Large Wine Producers vs Independent Growers – Who is Best?

large wine producers vs independent growers

Large Vs Local

By Paul Howard

Have you ever thought that wine drinking could be a political and philosophical act as well as a pleasurable one? Back in 1973, the economist E.F Schumacher wrote a seminal book called Small is Beautiful, a study of economics as if people mattered. It advocates an alternative approach to super-size mass production by using small-scale local industry and self-reliance as a means of improving the quality of life. This coincides with the emergence of global trends that, nearly forty years on, present us with major challenges. these include the environment, sustainability and globalisation. The very phrase ‘Small is Beautiful’ is now embedded in our culture and language – we’ve all heard it.

The ideas contained in Small is Beautiful continue to influence a wide range of organisations, including the Soil Association and Slow Food. Indeed, it is regarded as one of the top 100 most influential books published since the Second World War. What does this mean for wine drinkers?

“We are currently living in a kind of vinous paradise”

Let’s contrast the multinational wine producers that make branded wines on a large industrial scale with small independent producers that may make diverse and individual wines. The differences between these two are fundamental. They ultimately determine price and quality. It starts with how grapes are grown in the vineyard. It continues with how the wine is made and through to how and where we buy wine.

The table below contrasts some of the differences that may occur before we even pull that cork or twist that screw cap:

yorkshire wine by paul howard

Of course this contrast is a simplified caricature. Few wine producers sit wholly on one side of the divide or the other. There are plenty of exceptions. Some very large producers defy their vast scale by making exceptional and exciting wines. Equally, there are plenty of small producers whose wines are at best mediocre and poor value. Especially those in famous wine regions.

These days in Britain we are currently living in a kind of vinous paradise. It is wine’s very diversity that makes it exciting and rewarding. Yet this is increasingly under threat from globalisation and large-scale enterprise.

Growth in wine consumption is driven by the supermarkets. They are now responsible for around 75% of UK retail wine sales. This figure continues to increase and gives them more and more market power. It is easy to knock them. Yet they should receive more credit for helping to democratise wine and convert us into a nation of wine drinkers. Their chief requirement is for growth in profits. Most easily this comes from discounting branded goods. Some of those wines are good, but many are deeply dull.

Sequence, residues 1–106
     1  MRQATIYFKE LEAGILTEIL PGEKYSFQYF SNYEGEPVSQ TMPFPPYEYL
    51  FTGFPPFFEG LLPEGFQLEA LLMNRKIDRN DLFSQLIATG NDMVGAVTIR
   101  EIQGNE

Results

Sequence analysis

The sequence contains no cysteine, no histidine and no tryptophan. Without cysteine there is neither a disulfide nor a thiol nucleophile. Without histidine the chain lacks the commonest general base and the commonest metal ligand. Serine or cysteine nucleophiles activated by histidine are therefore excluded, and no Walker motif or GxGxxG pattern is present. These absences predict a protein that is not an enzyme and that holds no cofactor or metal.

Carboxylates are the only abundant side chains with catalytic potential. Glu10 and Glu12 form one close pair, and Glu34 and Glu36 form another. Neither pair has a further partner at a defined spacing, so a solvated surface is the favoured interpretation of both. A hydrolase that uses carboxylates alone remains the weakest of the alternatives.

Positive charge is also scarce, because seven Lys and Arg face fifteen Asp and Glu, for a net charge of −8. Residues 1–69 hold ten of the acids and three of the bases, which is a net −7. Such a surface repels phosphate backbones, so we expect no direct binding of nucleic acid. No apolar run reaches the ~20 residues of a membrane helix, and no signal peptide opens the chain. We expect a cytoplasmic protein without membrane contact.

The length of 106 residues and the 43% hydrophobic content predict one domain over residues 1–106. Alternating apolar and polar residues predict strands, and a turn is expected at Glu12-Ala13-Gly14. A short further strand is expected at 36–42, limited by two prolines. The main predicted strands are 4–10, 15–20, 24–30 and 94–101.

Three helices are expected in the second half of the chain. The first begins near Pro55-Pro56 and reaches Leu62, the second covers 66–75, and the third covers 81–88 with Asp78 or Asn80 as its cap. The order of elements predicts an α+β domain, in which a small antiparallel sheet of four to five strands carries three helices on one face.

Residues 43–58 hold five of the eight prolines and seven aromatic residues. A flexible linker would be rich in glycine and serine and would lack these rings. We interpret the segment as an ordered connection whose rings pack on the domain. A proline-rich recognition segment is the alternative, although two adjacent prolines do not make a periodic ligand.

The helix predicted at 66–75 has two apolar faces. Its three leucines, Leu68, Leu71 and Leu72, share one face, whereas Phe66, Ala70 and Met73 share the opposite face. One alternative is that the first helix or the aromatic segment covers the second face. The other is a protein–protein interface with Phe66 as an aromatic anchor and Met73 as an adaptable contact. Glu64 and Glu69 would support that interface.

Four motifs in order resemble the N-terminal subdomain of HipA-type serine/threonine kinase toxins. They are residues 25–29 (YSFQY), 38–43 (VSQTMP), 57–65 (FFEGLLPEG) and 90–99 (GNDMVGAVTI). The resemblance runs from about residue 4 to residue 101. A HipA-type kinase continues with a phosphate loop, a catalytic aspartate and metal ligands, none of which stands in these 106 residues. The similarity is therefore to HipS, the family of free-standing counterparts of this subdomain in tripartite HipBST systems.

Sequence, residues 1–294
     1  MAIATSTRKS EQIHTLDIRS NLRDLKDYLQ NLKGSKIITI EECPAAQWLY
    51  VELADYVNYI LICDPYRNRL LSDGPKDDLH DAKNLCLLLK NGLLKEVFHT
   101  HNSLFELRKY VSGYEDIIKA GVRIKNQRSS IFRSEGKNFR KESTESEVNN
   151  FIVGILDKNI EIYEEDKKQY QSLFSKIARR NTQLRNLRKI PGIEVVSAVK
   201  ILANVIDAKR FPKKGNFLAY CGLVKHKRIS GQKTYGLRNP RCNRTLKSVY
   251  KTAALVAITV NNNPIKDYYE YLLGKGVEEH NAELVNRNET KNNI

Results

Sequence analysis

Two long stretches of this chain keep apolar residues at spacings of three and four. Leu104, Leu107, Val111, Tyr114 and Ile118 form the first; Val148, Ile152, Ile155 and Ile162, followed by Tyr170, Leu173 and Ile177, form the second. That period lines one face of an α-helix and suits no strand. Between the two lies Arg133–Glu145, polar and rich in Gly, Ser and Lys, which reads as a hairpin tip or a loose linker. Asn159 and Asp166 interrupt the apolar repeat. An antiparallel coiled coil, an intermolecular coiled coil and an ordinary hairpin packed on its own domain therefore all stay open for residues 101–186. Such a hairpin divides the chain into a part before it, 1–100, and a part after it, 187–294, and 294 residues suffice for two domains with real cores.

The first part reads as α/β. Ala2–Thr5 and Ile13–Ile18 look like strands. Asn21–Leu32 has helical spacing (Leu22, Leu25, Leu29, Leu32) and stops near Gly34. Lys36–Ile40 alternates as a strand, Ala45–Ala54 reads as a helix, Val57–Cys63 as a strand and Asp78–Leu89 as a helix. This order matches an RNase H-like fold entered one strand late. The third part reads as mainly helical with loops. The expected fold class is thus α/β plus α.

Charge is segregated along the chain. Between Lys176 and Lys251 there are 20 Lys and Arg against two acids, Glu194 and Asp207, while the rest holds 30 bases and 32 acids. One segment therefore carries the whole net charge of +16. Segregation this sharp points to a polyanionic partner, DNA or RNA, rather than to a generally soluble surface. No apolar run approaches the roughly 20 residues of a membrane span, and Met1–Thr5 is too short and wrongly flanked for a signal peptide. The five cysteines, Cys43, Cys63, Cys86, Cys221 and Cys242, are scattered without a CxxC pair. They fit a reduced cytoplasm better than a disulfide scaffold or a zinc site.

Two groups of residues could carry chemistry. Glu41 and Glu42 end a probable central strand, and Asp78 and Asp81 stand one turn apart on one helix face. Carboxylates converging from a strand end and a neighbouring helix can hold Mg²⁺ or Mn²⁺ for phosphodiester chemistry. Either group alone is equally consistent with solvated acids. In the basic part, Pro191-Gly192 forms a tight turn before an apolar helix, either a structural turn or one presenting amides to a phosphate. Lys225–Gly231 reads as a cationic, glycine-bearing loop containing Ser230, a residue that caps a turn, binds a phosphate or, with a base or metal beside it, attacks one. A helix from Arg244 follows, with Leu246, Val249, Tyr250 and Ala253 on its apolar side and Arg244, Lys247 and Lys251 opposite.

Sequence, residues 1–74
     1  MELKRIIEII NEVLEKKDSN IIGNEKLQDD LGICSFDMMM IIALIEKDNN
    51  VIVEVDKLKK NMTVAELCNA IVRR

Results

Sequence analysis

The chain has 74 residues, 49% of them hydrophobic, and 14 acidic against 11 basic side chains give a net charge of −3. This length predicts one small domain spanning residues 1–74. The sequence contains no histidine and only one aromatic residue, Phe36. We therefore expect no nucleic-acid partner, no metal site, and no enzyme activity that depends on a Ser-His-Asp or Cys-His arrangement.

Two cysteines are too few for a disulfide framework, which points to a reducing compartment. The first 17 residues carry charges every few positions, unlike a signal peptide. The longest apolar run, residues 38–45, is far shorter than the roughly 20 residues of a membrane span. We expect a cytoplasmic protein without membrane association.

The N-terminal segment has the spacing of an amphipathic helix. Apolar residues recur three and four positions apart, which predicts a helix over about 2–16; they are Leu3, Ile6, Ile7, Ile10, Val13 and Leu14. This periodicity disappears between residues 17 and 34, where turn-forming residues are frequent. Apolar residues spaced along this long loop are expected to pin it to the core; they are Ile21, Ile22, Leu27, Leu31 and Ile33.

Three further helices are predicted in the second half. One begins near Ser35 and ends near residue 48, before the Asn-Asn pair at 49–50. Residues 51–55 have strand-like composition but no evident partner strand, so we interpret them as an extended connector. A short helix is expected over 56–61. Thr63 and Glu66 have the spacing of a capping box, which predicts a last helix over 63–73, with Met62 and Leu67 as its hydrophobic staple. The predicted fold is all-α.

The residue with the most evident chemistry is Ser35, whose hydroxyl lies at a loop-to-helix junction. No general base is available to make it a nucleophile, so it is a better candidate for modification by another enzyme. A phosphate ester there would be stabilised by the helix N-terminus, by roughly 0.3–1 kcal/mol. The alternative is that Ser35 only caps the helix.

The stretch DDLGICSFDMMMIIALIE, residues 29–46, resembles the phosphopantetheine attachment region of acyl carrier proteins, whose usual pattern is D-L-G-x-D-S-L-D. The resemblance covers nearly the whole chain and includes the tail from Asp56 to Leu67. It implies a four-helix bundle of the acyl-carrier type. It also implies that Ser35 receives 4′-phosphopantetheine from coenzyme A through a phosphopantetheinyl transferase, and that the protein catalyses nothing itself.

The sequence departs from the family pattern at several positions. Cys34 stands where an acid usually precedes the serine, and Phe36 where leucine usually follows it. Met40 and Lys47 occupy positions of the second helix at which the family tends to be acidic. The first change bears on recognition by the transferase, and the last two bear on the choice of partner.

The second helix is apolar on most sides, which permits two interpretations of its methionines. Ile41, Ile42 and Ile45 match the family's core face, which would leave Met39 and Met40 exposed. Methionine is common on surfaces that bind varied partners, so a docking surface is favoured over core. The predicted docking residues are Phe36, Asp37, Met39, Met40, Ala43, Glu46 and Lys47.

“Specialists know their suppliers personally”

These are the very wines produced in the huge volumes required to stock hundreds of outlets at tightly defined price points and participate in loss-leading deals. Look down the aisles and there appears to be a huge choice. However, this is an illusion. It really disguises a loss of true diversity, quality and flavour. Just a handful of brands are responsible for a quarter of all the wine that sells in Britain!

wine pouring white leedsThe alternatives are the smaller and specialist independent wine merchants. They are able to stock smaller quantities of more individualistic quality wines. These will more often be wines made on a human scale. They offer a sense of place, a story, perhaps even emotion.

Many of these specialists know their suppliers personally and some import their wines directly. The wines have to taste better to get repeat purchases! Specialists are usually genuine wine lovers who want to share their passion with their customers. They may not be able to compete at the basement end of the market but the wines they stock are usually no more expensive than the equivalent bottle at a supermarket.

“We have a surprising amount of choice”

Supermarkets swallow up high street specialists such as butchers, greengrocers and bakers. But independent wine specialists are surviving and even thriving. Developing an internet presence is helping that. Online shopping is now a major part of all our daily lives. It is no longer high risk, difficult or unreliable. Many smaller merchants now offer clicks as well as bricks. Just as importantly they usually have passion, authenticity and a healthy regard for the customers intelligence too.

Does any of this matter? Ultimately, it’s your freedom to choose how you buy and enjoy wine. Some will see my championing of the small as little more than a romantic notion. That it is just the lure of the underdog in a world of increasing globalisation. We are famous for being a nation of shopkeepers, and we still have a surprising amount of choice and an alternative to dull routine. So why not explore the world of the small? Try a wine merchant as an alternative. My bet is you’ll be in for a pleasant surprise. Every little helps, if you’ll forgive the pun.


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